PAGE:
A child welfare system plagued by racism A system plagued by racism, report says

ALBANY — Black families and children receiving help from the child welfare system are treated differently because of their race, according to a new report from the New York State Bar Association.

There has been an increase in the number of black children being separated from their parents when this outcome may be unnecessary, the report says, adding that “only a quarter of child protection cases involve intentional and harmful acts by parents “.

Reasons for family separation can range from abuse to neglect. Most of the New York cases, according to the report, “involve parents who cannot meet the basic needs of their children due to poverty, and these families are disproportionately black families.”

Census data released in 2020 revealed that poverty rates for minority groups have reached an all-time low. About 18.8% of black residents across the country were in poverty. For Hispanics, that number was 15.7%.

Despite these figures, inequalities persist.

Bar association president T. Andrew Brown said: “This report details the travesty of unfair and unjust treatment of black children and parents in our child welfare system. We need to look carefully at a system which is inherently stacked against Color families.”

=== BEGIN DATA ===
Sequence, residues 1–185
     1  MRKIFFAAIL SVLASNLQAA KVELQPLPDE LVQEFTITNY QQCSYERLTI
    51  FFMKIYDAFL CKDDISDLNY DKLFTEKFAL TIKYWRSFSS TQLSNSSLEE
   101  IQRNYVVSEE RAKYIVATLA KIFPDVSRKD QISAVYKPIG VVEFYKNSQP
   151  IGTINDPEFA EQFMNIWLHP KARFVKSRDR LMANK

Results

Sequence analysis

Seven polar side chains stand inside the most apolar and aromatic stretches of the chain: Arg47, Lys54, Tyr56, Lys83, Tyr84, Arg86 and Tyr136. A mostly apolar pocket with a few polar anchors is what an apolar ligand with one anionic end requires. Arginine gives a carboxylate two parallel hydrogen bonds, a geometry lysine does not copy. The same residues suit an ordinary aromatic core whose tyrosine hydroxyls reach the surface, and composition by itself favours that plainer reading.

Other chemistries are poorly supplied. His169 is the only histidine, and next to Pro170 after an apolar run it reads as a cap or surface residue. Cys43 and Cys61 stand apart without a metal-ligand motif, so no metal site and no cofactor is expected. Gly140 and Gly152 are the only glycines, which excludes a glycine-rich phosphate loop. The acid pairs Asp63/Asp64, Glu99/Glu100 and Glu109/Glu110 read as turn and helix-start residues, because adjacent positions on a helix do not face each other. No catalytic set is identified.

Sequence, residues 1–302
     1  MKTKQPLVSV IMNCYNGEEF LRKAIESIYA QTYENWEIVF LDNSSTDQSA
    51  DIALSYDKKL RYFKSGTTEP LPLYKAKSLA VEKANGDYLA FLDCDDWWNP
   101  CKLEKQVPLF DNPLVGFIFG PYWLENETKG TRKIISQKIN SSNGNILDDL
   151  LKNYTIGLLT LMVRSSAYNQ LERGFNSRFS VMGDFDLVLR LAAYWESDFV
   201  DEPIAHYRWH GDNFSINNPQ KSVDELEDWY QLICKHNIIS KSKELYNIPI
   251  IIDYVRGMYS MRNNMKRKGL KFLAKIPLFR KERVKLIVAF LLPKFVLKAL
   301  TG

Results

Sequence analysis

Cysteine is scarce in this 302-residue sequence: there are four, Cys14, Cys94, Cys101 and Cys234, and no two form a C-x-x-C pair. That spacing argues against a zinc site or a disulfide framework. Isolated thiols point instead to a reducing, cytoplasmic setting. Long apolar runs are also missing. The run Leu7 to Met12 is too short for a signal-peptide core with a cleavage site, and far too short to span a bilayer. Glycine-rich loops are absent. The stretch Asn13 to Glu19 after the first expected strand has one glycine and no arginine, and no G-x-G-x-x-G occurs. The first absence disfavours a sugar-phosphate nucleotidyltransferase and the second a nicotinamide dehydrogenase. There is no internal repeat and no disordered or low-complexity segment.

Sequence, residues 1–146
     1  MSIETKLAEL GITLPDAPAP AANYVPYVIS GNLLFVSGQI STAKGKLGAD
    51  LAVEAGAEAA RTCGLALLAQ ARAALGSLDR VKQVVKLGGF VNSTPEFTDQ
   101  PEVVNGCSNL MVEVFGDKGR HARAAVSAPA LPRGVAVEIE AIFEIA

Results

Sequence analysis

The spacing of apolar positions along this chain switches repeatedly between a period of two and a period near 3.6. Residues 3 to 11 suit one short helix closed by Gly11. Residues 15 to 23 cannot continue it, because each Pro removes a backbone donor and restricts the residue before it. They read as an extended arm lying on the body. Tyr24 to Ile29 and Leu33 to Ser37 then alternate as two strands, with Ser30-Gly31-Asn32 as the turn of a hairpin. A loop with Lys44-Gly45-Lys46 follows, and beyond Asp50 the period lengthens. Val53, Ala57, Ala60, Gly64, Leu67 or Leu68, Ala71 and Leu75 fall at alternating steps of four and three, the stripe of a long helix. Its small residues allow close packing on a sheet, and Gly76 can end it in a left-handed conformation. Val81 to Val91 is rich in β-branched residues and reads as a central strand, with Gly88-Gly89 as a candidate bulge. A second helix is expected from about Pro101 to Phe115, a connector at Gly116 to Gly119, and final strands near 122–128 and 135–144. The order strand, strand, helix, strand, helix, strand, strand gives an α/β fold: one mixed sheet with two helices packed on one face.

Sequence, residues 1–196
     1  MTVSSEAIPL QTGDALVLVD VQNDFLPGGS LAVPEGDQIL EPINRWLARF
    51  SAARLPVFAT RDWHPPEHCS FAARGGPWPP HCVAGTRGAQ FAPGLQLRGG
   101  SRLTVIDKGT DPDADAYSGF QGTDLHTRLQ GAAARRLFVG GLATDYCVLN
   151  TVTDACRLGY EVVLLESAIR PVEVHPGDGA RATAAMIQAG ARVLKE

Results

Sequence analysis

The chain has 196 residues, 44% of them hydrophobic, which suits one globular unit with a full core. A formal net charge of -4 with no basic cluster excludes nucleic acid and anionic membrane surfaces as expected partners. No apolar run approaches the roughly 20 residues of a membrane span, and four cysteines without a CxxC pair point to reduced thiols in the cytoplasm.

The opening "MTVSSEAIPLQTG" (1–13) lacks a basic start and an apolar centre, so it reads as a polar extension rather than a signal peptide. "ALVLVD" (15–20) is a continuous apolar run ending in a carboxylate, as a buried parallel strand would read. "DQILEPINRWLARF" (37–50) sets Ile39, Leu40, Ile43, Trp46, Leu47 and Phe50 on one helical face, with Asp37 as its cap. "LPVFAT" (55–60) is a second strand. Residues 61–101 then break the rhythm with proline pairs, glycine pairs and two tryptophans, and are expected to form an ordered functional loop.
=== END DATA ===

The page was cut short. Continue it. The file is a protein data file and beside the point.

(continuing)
The report lists changes the child welfare system could make, including helping families with basic needs like jobs, housing and food.

According to the report, black and Latino children in New York are more likely to be reported to the child abuse hotline than their white counterparts. Additionally, black children in upstate New York make up 10% of the population, yet 33% of them are in foster care.

In a written statement, Susan Lindenauer, chair of the bar association’s committee on families and the law, which is responsible for reviewing issues relating to families, said: “Our effort is to reduce the impact on the well-being of children so that the black family unit can be preserved and not broken.”

“Poverty should not and cannot be the premise of punitive removal of a child. You are punishing children for the poverty of their parents.”

Andrew B. Reiter